--“Loving Touch” sung by Roy Orbison

The exercise:  Use loving hands and a loving touch, even with inanimate objects.

I believe that how we use our hands is an expression of our heart.  As a yoga teacher, I have a unique opportunity to touch many people, some of whom I know very well and others that I don’t know at all.  This is a great responsibility that I take very seriously.  Touch is a conduit for energy.  Because I am sharing my energy, I do my best to ensure that I touch in a way that is sensitive to my students needs and that my touch comes from a place of love in my heart; a true desire to provide a safe and supportive environment for their own growth.

That said I wish I could tell you tell you that I operate with the same sensitivity and compassion to all inanimate objects as I do to my animated students.  I observed this week that there are certain objects that I always touch lovingly and others that don’t fare as well.  For example, the shawl that I wear when I meditate is one object that I handle with care.  I have used this same shawl in meditation for the past 10 years.  A part of me feels woven into the fabric:  my thoughts and dreams and hopes and intentions, held together in these threads.  On the other end of the spectrum I noticed my passive aggressive behavior toward the dishes as I was cleaning up the kitchen this week.  Washing them roughly and dumping them loudly into the sink.  It seems unfair for them to have to bear the brunt of my unhappiness for them not making their way to the dishwasher.  A reminder to myself, take three breaths, wash, rinse, and repeat.

Week 11, Zanna: Loving Touch

The Exercise: Use loving hands and a loving touch, even with inanimate objects.

I usually try not to touch people with hateful hands, mostly because it might result in fisticuffs... and I'm much too civilized for that. No, really. OK, not really, I'm just better at verbal sparing than physical sparing.  At any rate, using loving hands with people wasn't too difficult. Of course, at work, putting my hands on anyone always makes me feel like the corporate compliance police will come and wag their fingers at me (though, not too close).  So that was an easy battle just through lack of engagement.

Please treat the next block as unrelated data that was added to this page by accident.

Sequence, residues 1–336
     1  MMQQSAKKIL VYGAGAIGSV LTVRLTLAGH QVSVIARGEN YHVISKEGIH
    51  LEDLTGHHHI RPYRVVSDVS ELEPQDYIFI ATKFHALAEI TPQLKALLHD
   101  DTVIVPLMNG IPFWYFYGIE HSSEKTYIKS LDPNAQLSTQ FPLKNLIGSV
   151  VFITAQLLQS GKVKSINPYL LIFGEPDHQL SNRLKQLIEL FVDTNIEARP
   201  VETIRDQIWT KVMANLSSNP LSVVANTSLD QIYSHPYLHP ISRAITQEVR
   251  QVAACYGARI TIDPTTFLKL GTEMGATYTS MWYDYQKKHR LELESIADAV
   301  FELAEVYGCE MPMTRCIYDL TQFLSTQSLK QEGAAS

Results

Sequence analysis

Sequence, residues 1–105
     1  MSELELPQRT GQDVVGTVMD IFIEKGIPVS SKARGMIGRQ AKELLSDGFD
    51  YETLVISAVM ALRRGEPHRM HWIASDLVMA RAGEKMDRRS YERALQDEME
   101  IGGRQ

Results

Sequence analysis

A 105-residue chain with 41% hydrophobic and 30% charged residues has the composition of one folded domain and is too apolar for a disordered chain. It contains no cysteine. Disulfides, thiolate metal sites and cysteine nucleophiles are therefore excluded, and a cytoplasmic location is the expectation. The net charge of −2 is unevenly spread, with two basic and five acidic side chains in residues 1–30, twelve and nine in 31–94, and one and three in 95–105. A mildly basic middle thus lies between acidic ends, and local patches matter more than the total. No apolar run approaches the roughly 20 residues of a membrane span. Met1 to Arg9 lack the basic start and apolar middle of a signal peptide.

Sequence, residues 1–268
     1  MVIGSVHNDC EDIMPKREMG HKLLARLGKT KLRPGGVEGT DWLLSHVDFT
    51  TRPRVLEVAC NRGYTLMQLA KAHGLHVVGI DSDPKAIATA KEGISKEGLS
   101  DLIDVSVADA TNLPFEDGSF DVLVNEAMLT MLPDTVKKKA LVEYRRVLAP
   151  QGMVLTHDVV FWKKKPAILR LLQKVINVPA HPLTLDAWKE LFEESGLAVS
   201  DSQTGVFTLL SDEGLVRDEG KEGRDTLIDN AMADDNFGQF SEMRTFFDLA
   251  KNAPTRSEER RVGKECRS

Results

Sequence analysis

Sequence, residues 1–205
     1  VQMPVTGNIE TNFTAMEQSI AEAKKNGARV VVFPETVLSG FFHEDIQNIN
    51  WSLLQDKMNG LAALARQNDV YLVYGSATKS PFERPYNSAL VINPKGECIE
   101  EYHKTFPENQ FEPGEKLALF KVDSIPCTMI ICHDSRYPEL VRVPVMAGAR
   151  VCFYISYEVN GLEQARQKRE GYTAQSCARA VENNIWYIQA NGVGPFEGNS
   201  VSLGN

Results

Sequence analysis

The tough part of this was to use the loving hands with inanimate objects.  Some things were easier than others. Cradling the toilet brush, for example, was not really in my nurturing abilities, but I could gently fold t-shirts. Putting things away was gentle... except when the objects were out of reach of my short self and I had to (gently) toss things to a top shelf.  I tried to be equitable, but the tupperware (not the brand, the general name for plastic containers) cabinet earns the hot hatred of a thousand suns. Occasionally, I'd completely forget as I lazily tossed flatware into the drawer, and then a creepy voice would sound inside my head, "Do the spoons still scream, Clarice?"

Wednesday, March 14, 2012

Week 10, Zanna: Every Time the Phone Rings

Does anyone under the age of... I dunno
30?... have any idea what this is?
The Exercise: Each time you hear a telephone ring. chime, or buzz, stop what you are doing and take three mindful breaths to settle the mind before answering. If you get very few calls a day on your telephone, set an alarm to ring several times a day, using a long but unusual interval, such as every fifty-three minutes.  When the alarm rings, stop and breathe.

I have to confess I completely failed this exercise.  I got a grand total of 3 phone calls during the week, and each one I picked up right after the first ring.  I can't help it.  Even in the name of blogging, I can't help it. It is so much part of how I was raised that I can't stop myself even though I know I should.  I was always taught that it was rude to leave someone hanging on the line... even when it severely inconveniences me or causes me to put myself in harm's way.